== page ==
A Philosopher Rapper

Mastamic, who is best known for his annual Rap Up series, shares how he became a rapper, and how Hongkongers are still failing to appreciate local hip-hop culture.

Chilled Under Fire

Hong Kong-born reporter for CCTV news, Sze Ho-wai tells Varsity how he stayed calm while being held hostage in war-torn Libya.

Saving Homeless Cats

Volunteer cat rescuer Lisa Olausen has saved thousands of cats in Hong Kong out of her love and care for her furry friends.

Attitude the Key to Conquering Altitudes

John Tsang Chi-sing, one of Hong Kong's top mountaineers talks to Varsity about the life lessons he learned up on some of the world's highest and most treacherous peaks, and on why you can never be too old to achieve your dreams.

Cecilie Gamst Berg’s Canto Crush

She's just crazy --- about Cantonese that is. Meet Cecile Gamst Berg, the Norwegian who has made it a life mission to make Cantonese a world language, starting with her unconventional language classes and outlandish online videos.

Recording Hong Kong Culture

Vivienne Chow, one of the most well-known cultural journalists in Hong Kong, talks about how she records and preserves local culture through journalism.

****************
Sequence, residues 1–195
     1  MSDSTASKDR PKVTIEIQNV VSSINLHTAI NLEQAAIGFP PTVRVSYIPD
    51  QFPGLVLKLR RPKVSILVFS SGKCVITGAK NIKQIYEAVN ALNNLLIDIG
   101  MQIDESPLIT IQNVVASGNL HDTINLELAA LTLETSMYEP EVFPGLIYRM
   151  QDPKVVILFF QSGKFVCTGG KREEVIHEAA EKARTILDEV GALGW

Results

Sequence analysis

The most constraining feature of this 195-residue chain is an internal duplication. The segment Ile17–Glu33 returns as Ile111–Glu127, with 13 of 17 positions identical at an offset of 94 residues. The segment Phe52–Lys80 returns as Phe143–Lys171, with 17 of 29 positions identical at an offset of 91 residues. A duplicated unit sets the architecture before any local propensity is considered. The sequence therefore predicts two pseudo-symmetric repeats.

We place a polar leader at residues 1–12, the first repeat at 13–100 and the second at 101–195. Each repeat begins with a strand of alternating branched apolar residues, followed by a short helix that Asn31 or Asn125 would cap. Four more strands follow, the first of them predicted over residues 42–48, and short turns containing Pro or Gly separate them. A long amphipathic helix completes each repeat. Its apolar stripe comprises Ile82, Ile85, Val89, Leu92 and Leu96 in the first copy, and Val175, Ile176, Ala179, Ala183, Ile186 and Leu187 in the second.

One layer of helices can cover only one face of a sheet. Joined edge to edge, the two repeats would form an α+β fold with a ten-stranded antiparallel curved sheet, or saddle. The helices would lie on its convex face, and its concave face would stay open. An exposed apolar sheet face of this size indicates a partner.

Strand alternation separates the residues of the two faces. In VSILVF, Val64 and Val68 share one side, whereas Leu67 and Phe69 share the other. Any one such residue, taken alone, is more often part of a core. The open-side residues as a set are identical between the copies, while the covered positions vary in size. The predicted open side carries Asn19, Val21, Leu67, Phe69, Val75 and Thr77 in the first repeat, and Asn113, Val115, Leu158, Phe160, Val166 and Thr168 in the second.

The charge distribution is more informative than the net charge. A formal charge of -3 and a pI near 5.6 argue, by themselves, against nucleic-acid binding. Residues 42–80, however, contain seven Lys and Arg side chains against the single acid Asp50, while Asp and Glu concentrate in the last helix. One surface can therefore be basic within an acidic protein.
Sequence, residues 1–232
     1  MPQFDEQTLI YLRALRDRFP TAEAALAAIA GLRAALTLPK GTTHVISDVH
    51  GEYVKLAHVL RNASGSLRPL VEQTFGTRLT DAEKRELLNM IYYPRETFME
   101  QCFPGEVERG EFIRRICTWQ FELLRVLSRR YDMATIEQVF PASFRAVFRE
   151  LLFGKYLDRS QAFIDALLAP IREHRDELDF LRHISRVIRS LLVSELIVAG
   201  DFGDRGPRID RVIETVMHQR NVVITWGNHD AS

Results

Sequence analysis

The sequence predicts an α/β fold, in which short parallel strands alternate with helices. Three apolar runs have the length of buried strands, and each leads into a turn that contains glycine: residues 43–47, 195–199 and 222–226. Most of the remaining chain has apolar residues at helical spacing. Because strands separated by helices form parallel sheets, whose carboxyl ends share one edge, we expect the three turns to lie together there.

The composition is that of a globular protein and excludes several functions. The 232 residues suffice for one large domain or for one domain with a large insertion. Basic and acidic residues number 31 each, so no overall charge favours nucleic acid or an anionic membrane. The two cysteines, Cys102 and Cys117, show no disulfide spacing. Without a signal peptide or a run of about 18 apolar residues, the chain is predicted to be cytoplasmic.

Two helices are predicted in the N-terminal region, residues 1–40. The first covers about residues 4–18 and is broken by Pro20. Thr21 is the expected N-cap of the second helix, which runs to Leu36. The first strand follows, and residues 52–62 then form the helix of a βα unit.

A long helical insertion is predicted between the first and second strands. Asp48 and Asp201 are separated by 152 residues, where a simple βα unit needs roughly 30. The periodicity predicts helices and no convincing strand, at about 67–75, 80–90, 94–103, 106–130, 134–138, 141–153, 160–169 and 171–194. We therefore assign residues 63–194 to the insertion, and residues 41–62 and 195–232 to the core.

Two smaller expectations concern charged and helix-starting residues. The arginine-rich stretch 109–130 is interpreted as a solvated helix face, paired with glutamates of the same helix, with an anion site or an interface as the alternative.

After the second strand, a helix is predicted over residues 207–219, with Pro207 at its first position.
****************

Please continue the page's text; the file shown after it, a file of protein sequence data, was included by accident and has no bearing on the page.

Belated Acclaim for Veteran Actor

Leung Kin-ping never set out to be an actor, then he spent 30 years in supporting roles at TVB and now the hit movie Ten Years has finally made him a star.

Running into the Light

Kim Mok Kim-ming lost his sight as a teenager. But instead of letting his blindness hinder his life, Mok has become a trailblazer for the blind in the fields of information technology, social work and athletics. Next, he plans to take on the 100 kilometre hike, Trailwalker. Varsity catches up with the 'Fearless Dragon'.

Galaman and the Armpit Revolution

Meet Johnee Lau Kwun-yiu, the young creator of Galaman - or Armpit Man - Hong Kong's baddest superhero. Lau tells Varsity how getting a bad grade in his public exams led him to first to question his own ability, and then on a journey to discovering his talent for animation.

Educating Idealists

Chow Po-chung is not interested in the academic rat-race, where publications are the currency of fame and promotions. Instead, he counts his achievements by the number of students he has taught who have gone on to be leading members of Hong Kong's social movements.